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  Special Effects Repeat Performance
Year: 1984
Director: Larry Cohen
Stars: Zoë Lund, Eric Bogosian, Brad Rijn, Kevin O'Connor, Bill Oland, Richard Greene, Steven Pudenz, Heidi Bassett, John Woehrle, Kitty Summerall, Kris Evans, Mike Alpert
Genre: Drama, ThrillerBuy from Amazon
Rating:  5 (from 1 vote)
Review: Mary Jean (Zoë Lund, formerly Tamerlis) tried to break into movies to escape her background, and today has found herself posing in not very many clothes as a circle of photographers gather around her. However, there's one person out to stop her ambitions, and he is her estranged husband Keefe (Brad Rijn) who gatecrashes the party and forces her to flee, with him in hot pursuit. After asking after her and getting no leads, he realises she has gone outside onto the streets of New York and he follows, catches up and drags her inside his car, bumping her head in the process, all with witnesses as they speed away. But would Keefe go as far as murder?

No, he would not, but that's not what the cops think when Mary Jean shows up dead. This is actually tied in with the other main character, a disgraced blockbuster director called Chris Neville (played with cocky self-assurance by Eric Bogosian), who has recently been chucked off his latest film after a high profile flop - although when was the last time a flop director made front page news? But that is one of a number of implausibilities that the director of this, low budget genre auteur Larry Cohen, throws up for you to ponder over in service of his ultra-cynical take on the moviemaking business, which according to this attracts the control freaks and the downright desperate alike.

Well, I suppose Larry would know of what he speaks, but in his mad dash to stomp all over the magic of the movies he doesn't half turn pretentious. In a twist straight out of Michael Powell's Peeping Tom, Chris likes to film things in his bedroom and as the story progresses shoots footage of Mary Jean in his bed - being murdered by him when he suffers a bout of sexual impotence. Apparently all of a filmmaker's experience is grist to his creative mill, so he decides, after effectively pinning the blame on Keefe, to make a film on the subject of the deceased and not only that but he plans to utilise the reel of Mary Jean's demise in it. But surely he wouldn't be able to get away with that?

He would if he finds her exact double in a property depot worker called Elaine, who he recruits to play the lead in his project, along with Keefe who he has offered an alibi and a lawyer for, not that he intends to look after him too well, just long enough to get his opus completed. Elaine is also played by Tamerlis, an interesting figure who died while still in her thirties thanks to her drug use - she was a strong advocate of heroin, a message her early death would appear to contradict - and still best known in exploitation movie renown as the title character in Ms. 45. Funnily enough, that was an Abel Ferrara film, and far from seeming like an Alfred Hitchcock homage (Cohen worked with Hitch in his younger days), Special Effects comes across like a lost Ferrara effort.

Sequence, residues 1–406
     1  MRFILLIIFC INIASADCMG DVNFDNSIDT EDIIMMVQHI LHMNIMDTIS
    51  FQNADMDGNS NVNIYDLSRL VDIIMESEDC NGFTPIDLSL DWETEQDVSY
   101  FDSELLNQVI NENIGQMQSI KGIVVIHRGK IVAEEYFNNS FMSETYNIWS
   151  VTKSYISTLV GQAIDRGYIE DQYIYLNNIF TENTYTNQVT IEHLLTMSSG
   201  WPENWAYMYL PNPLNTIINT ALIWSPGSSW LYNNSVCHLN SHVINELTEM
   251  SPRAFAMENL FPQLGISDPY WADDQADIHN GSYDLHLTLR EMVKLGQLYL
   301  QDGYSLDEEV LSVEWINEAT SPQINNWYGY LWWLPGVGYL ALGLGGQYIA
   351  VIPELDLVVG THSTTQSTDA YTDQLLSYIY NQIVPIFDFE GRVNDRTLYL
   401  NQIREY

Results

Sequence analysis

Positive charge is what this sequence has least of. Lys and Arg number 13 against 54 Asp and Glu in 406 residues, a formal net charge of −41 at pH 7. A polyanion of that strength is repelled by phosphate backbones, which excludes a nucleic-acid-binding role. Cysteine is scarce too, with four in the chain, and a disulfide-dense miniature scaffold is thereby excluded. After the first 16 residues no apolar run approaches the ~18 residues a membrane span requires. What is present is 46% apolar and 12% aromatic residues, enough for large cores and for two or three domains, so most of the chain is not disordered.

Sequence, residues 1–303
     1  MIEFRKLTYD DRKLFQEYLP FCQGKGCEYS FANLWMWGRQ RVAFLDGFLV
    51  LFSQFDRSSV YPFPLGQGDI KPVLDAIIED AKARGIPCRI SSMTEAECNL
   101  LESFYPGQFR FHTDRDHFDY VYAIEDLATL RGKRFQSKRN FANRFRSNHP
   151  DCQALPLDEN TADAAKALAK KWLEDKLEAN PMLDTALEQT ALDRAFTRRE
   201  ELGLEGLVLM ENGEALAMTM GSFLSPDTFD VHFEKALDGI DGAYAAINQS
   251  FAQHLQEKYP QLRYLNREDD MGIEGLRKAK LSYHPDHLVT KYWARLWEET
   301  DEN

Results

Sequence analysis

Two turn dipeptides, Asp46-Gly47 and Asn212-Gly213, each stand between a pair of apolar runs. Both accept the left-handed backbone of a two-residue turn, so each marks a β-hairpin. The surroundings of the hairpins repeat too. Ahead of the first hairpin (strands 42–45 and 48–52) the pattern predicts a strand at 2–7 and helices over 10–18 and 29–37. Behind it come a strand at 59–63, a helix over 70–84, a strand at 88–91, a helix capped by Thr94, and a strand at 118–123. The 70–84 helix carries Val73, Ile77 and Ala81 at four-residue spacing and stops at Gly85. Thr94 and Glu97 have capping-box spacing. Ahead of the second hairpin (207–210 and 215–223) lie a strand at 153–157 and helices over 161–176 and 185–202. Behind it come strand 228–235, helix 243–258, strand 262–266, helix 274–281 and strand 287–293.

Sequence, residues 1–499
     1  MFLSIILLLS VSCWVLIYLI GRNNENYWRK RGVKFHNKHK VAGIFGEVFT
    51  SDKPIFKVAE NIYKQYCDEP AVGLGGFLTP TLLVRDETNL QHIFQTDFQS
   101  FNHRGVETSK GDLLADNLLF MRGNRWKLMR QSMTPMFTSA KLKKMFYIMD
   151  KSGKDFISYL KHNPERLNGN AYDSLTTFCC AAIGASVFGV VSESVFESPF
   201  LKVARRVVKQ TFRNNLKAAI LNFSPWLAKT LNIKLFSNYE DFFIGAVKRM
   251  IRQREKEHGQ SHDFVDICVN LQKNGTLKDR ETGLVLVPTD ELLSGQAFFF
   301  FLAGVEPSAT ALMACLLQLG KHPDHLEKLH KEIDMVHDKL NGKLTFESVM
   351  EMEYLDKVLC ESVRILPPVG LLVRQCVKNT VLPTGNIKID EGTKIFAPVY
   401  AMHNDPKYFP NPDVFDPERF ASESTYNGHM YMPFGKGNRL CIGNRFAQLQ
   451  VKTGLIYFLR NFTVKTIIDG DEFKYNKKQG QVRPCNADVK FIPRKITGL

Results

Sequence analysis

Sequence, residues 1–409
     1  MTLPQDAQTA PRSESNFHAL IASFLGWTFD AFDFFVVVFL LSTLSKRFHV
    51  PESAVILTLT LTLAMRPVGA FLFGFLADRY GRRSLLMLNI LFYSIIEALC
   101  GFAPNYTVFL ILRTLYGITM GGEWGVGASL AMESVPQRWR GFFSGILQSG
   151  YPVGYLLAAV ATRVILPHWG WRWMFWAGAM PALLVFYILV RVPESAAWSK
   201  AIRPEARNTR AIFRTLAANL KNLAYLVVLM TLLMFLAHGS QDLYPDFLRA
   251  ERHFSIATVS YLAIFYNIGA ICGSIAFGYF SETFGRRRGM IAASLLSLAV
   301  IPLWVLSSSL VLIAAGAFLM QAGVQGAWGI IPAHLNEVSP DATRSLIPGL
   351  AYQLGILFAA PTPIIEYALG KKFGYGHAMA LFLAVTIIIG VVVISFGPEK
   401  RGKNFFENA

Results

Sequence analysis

All right, there is an element of Vertigo in Cohen's plotting what with Tamerlis playing two different women, but the malaise exhibited here, the way that the life has been drained out of the ostensible thriller conventions, speaks more to jaded New York directors' tastes. It certainly has a New York sense of place and attitude about it, although you could say that about a fair few of this director's films, but the way in which it denies any attempt to romanticise the setting or the characters in the manner a Hollywood movie might makes for dispiriting viewing. As it turns out, Chris is obsessed with redeeming his muse, if not necessarily his career, in such grim terms that far from building up suspense, you begin to be turned off this premise quickly after the murder, and once the plot is made clear, it's a viewer with a high threshhold against sourness and meanmindedness who will get enjoyment out of this. It is provocative, but hard to like. Music by Michael Minard.
Reviewer: Graeme Clark

 

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Larry Cohen  (1938 - )

Talented American writer/director who often combines exploitation subject matter with philosophical/social concepts. Began working in TV in the 1960s, where he created popular sci-fi series The Invaders, before directing his first film, Bone (aka Dial Rat), in 1972. A pair of blaxploitation thrillers - Black Caesar and Hell Up In Harlem - followed, while 1974's horror favourite It's Alive! was a commercial hit that led to two sequels.

God Told Me To and Special Effects were dark, satirical thrillers, while Q: The Winged Serpent and The Stuff were witty modern monster movies. Cohen directed Bette Davis in her last film, Wicked Stepmother, and reunited Blaxploitation stars Pam Grier, Fred Williamson and Richard Roundtree for Original Gangstas in 1996. Cohen has also had considerable success as a scriptwriter, turning in deft screenplays for the Maniac Cop films and mainstream pictures like Best Seller, Sidney Lumet's Guilty As Sin and most recently Joel Schumacher's Phone Booth.

 
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